JEFFERSON -- The immediate, as well as immeasurable collateral damage caused by heroin in Jefferson County was again on full display Tuesday in the courtroom of Branch IV Circuit Court Judge Randy Kosch-nick.
The mothers of the victim and perpetrator of the latest drug crime were both reduced to tears as they told the judge how heroin and its often fatal effects have forever changed their lives.
Koschnick had what has become his all-too-familiar challenge of determining just how long to send a convict, this time 21-year-old Samantha Molkenthen of Oconomowoc -- a woman with no criminal record and a supportive family, to prison for providing heroin that killed her 19-year-old friend in 2015.
At the conclusion of the hearing late Tuesday morning, Koschnick had settled on ordering Molkenthen to nine years initial confinement in Wisconsin State Prison, with six years extended supervision, for a total of 15 years within the system.
The state had recommended 10 years initial confinement and five years extended supervision. Molkenthen's defense told Koschnick it believed a total of 10 years within the system, with four to five years initial incarceration, would be appropriate.
In June, Molkenthen entered a plea of no contest to a charge she delivered heroin that killed 19-year-old Dale A. Bjorklund of Ixonia in mid-June of 2015. Molkenthen's official conviction was on one count of first-degree reckless homicide by delivery of heroin.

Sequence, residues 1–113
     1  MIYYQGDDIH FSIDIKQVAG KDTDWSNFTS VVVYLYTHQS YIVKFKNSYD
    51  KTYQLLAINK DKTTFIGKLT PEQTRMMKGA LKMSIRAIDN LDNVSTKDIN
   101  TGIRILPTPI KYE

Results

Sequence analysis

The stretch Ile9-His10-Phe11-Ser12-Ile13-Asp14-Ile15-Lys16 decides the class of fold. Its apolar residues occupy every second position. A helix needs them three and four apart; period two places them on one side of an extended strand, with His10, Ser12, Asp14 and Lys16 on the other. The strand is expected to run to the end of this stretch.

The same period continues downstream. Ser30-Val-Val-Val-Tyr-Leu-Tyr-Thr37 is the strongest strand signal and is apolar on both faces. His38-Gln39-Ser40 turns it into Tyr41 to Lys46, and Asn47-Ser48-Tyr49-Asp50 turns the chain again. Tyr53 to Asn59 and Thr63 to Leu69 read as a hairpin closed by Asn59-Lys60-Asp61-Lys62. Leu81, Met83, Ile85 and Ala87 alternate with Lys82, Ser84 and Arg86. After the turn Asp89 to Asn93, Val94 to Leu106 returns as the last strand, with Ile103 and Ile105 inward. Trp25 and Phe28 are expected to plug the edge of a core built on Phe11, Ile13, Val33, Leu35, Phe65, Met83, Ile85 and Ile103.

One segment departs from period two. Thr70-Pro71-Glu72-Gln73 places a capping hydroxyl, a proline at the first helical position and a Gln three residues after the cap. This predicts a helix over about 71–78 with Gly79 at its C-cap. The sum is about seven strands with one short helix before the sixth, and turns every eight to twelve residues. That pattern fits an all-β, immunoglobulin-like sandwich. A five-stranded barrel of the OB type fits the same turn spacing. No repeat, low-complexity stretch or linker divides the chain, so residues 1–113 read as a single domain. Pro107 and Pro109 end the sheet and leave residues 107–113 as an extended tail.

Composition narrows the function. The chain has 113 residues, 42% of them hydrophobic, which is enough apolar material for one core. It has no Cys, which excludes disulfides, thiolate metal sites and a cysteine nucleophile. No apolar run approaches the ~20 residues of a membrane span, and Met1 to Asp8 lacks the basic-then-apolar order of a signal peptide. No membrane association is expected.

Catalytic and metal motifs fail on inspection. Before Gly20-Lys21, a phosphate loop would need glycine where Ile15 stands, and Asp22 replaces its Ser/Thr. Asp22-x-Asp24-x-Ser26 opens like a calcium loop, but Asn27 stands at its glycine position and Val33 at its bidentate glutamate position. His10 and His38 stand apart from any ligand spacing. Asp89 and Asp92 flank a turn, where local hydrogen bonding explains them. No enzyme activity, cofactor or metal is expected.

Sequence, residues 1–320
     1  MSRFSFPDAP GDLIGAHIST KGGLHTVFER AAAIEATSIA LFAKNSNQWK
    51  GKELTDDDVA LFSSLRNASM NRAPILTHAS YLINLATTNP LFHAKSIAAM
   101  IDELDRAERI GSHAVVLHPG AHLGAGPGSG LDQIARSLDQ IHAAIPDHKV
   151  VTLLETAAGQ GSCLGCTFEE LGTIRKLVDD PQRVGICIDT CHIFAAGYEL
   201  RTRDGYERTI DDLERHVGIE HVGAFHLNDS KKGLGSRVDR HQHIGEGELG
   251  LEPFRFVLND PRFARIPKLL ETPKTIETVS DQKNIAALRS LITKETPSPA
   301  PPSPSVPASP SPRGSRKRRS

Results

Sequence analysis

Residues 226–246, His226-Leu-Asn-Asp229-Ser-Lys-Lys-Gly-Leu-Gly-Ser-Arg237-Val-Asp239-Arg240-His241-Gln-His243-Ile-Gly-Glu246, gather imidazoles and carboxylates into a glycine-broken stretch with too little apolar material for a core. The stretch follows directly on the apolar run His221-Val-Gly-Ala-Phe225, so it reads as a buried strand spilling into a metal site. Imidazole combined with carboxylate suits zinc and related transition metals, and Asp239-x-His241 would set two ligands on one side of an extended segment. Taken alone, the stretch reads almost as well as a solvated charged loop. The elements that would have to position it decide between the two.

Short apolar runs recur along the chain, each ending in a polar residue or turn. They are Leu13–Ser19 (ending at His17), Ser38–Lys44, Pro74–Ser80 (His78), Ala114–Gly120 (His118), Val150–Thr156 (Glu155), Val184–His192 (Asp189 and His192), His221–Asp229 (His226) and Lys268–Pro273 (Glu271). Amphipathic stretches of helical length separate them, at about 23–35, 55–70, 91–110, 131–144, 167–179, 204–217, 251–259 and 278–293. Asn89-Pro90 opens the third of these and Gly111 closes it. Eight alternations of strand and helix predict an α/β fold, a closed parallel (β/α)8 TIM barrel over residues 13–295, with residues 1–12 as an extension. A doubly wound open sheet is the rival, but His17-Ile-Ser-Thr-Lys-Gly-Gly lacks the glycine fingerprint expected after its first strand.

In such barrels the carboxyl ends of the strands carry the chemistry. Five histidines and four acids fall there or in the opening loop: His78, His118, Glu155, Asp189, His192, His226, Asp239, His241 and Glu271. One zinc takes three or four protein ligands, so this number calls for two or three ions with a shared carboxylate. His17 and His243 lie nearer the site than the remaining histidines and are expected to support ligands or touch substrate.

According to a criminal complaint in the matter, Bjorklund's girlfriend found his body in his bedroom on County Highway CW in the town of Ixonia at approximately 4 p.m. on June 14, 2015.
The complaint said Bjorklund and his girlfriend exchanged text messages on June 13, 2015, and when Bjorklund did not respond, she went to his residence and found his body in the basement bedroom. Drug paraphernalia was found nearby.
Defense attorney Jonathan Lavoy told the court at sentencing Tuesday that, as a friend, Molkenthen had wanted to relieve Bjorklund's suffering as a result of his heroin withdrawal before he died. Lavoy said compassion, albeit it "twisted," was the reason she provided him with the drug.
Lavoy said, at the time of Bjorklund's death, Molkenthen herself was a functioning heroin addict who was in a drug-based "friend group" with Bjorklund. Lavoy said this group, like many of its kind, passed money and drugs around to help its members through withdrawal periods and times when money was scarce. He stressed Molkenthen never profited monetarily from the transfer of heroin from her possession to that of Bjorklund and that she was a young, small-time player in the area's heroin underground. Lavoy said his client should be given a more lenient sentence than one recommended by Jefferson County Assistant District Attorney Jeffrey Shock for those reasons and because she would not be a danger to the community when released. He also said she was "a bright, intelligent girl" with a promising future.
"Although she was not that at the time of Dale's overdose," Lavoy said of Molkenthen when she was using heroin. "At that time, she was a zombie," he said.
"She did not want to hurt Dale, she was his friend," Lavoy said, adding Bjorklund had a heroin problem before he met Molkenthen. It was also noted Molkenthen was introduced to heroin from a previous boyfriend and was an established user before meeting Bjorklund.